How To Set A Mailbox Post

If you have recently purchased a new mailbox post, or if your current one has been knocked over or broken, you’ll probably want to know how to set a new mailbox post. 

Your mailbox needs to be set up correctly, ensuring that it will stay firmly in place. To do so, you will need a mailbox post and concrete mix (most mailbox posts usually need two bags).

Then, simply follow these easy steps to ensure your mailbox will be set firmly.

8 Steps To Set A New Mailbox Post

Step 1: Position Your Post

When locating a position for your new mailbox post, you need to first locate your utilities. If you start digging in random areas, there’s a good chance that you’ll hit power cables, water pipes, or other important utilities. 

Usually, there are services available that will visit your property to help you locate the utilities in your yard. You can find these local services online, and once they have marked the utility areas, make sure you dig away from the spaces that are marked.  In the United States, you can call 811 to get your utilities marked out for free. After they are marked, you have 10 days to set up your mailbox post in the safely marked area.

If you’re replacing your mailbox that’s already built into the ground, you can put the new post in the same spot as the old one. 

When installing your mailbox post for the first time, make sure it will be easily accessible for your mail carrier. 

If you are placing it on a different street from your house, make sure your full street address is on it.

Step 2: Check Local Regulations For Mailboxes

The mail service in your region or your local homeowner’s association may have certain regulations on the height and distance from the curb at which your mailbox must sit. 

For example, USPS requires that the opening of your postbox must be a few inches (6 to 8 inches) away from the curb, and 41 to 45 inches (100 to 110 cm) above the surface of the road. 

If you’re living in an apartment, check our guide on the requirements for apartment mailboxes.

Step 3: Dig The Post Hole

Measure your post, and then use a shovel or post hole digger to dig out a hole. The hole should be 1/3 to 1/2 the length of the post, and 3 times the width of your post. For example, If your post is 4 inches wide, then the hole should be 12 inches in diameter.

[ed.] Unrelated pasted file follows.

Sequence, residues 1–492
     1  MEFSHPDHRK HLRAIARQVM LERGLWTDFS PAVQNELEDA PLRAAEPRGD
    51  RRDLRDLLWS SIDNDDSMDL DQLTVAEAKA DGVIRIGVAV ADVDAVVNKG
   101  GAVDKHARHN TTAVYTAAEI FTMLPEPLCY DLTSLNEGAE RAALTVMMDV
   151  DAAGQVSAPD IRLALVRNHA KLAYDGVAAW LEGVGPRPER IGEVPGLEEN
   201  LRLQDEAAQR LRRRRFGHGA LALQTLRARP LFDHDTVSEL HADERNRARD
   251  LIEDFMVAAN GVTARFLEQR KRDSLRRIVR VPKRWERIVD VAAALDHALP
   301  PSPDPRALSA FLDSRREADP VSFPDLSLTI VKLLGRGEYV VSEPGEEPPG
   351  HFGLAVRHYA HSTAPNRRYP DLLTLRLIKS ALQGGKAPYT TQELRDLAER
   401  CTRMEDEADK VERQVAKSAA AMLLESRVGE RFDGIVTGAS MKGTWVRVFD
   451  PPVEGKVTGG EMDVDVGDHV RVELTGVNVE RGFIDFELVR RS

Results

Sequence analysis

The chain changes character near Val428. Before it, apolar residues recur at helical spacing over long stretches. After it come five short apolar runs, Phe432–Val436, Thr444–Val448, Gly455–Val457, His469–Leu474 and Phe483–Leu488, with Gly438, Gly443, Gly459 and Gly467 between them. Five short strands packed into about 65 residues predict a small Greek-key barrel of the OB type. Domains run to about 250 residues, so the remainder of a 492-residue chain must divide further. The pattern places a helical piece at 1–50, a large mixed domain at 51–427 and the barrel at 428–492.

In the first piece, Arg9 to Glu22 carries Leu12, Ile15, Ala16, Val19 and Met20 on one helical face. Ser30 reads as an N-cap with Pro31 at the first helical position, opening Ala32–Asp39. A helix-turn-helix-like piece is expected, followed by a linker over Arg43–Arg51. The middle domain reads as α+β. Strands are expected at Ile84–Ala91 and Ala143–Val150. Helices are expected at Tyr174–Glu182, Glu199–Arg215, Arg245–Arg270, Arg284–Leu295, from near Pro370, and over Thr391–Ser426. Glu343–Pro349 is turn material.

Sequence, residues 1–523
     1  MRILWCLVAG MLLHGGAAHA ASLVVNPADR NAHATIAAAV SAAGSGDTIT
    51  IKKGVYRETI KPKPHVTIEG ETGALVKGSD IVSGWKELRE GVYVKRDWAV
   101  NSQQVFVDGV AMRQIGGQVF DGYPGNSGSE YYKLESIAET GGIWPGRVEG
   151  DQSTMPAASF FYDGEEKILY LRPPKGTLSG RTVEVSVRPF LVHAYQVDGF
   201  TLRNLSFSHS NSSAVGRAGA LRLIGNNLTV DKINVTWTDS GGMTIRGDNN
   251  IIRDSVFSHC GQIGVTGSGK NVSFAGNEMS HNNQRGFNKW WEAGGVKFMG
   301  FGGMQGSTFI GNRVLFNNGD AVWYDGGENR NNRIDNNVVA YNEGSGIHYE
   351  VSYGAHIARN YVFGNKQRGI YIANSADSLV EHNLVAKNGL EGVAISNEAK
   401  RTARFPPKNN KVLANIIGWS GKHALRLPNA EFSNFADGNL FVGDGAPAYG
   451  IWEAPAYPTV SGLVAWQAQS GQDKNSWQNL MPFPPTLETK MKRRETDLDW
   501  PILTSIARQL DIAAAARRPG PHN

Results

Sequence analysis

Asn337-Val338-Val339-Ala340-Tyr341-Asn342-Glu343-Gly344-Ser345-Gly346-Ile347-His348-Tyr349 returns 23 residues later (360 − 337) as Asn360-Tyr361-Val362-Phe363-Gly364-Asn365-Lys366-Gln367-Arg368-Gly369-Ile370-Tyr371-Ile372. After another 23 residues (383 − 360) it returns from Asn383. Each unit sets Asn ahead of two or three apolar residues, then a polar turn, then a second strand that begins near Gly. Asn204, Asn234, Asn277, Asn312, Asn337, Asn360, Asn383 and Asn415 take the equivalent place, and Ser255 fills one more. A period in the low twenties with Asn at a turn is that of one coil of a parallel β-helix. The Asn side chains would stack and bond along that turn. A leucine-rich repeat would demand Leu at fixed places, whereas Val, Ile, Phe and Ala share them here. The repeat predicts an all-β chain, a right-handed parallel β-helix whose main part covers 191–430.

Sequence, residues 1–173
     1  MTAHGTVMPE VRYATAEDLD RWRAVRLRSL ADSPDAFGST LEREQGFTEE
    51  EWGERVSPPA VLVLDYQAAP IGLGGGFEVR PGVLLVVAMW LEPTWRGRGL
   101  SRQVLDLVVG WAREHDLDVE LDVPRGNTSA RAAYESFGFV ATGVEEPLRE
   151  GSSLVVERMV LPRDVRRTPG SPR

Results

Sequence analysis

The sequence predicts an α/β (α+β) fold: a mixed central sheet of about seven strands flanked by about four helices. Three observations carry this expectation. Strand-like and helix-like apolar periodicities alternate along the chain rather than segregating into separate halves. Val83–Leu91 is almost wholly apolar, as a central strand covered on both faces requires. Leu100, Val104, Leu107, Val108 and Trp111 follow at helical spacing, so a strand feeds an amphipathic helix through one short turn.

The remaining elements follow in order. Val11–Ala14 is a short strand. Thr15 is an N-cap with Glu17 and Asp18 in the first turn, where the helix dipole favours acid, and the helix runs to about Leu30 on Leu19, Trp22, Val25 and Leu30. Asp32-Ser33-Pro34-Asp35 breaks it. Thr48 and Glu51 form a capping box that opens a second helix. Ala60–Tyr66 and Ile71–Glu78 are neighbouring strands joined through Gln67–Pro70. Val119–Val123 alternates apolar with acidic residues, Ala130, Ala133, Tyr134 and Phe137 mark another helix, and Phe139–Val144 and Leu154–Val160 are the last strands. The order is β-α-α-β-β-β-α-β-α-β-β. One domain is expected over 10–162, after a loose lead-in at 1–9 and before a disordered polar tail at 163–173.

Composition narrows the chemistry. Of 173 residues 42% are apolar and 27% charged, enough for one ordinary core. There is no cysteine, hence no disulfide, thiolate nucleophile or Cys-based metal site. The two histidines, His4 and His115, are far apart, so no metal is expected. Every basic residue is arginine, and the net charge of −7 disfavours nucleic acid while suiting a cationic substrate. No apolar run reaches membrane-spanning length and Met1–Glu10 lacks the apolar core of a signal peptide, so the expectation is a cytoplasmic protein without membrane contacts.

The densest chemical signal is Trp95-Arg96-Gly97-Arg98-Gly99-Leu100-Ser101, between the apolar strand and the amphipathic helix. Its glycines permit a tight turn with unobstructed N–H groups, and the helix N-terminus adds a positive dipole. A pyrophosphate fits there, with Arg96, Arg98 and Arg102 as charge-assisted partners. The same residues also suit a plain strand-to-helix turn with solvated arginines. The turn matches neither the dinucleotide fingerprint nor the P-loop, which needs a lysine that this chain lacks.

A typical mailbox post should be set around 20-24 inches into the ground. This is the perfect depth for optimal stability.

Position your mailbox 41″ to 45″ from the road surface to the point of mail entry.

If you are replacing an old mailbox post, you need to remove it before you can put in a new one. Use a shovel or post hole digger to dig up the ground around the old post and lift it up and out of the ground. Alternatively, use some scrap pieces of wood to make a lever that will help pry it free if it’s too hard to lift.

Two mailboxes on wooden posts

Step 4: Support The Post

After you have dug the hole, get someone to hold the post up for you. Let a friend or family member hold the post straight up while you prepare the gravel. 

You will need to keep the post there while adding the gravel and the concrete mix. This will take about 20 minutes, so make sure that your helper is comfortable and prepared for the following steps. 

Step 5: Add Gravel To The Hole

Pour either gravel, small stones, or something similar into the hole. This will help with providing proper drainage to the bottom of the hole. Pour about 4 inches of gravel into the hole. This will leave you with a 16-inch deep hole.

You can get gravel from your local hardware store or nursery. You'll need approximately 10 to 30 pounds (4.5 to 13.6 kg) of gravel, depending on the size of your hole and the density of the gravel.

Check the depth of the hole again after you've added the gravel, to make sure that you still comply with the requirements for mailboxes in your area.

If you’ve removed an old mailbox post, and there is gravel leftover in the hole, then you don’t need to add any more gravel, as long as it’s deep enough and sets your post at the right height.

Step 6: Pour The Concrete

Start by preparing the concrete mix according to the manufacturer's instructions. Then, pour the concrete into the hole, and apply it evenly on all sides. If you pour unevenly, it will make one side weaker than the other.

Leave 4 to 5 inches of space at the top so that you can cover it with soil. Use a bubble level to check that your post is level, and make any final adjustments before continuing.

Step 7: Let It Set For 4-6 Hours

It will take several hours for the concrete to properly set. Make sure the post is steady and secure before leaving it to set for a few hours.

Step 8: Cover With Dirt

Once the concrete has been set completely, cover the concrete up with dirt and flatten it so that it’s even with the ground. Make sure you tamp down the dirt as this will prevent air pockets.

How To Set A Mailbox Post Without Concrete

If you want to install a mailbox post without using concrete, you will need to get an anchor. An anchor will help you place a regular 4x4 inch mailbox post in areas that don’t have support. You just have to screw the anchor into the ground using a crossbar and then secure the mailbox post on the bracket using the bolts provided.

Black mailbox on a simple wooden post


It’s as easy as that. Setting up your mailbox post won’t take too long, and with the right tools, materials, and mailbox post, you will have yourself a secure mailbox post in no time!

Once you’ve got your new mailbox and post, just grab your concrete, your tools, and some extra helping hands, and you’re all set.


******It is always recommended to contact your local postmaster prior to installation. While most of our mailboxes are USPS-approved your local postmaster may have specific preferences in terms of mailbox types and installation location******

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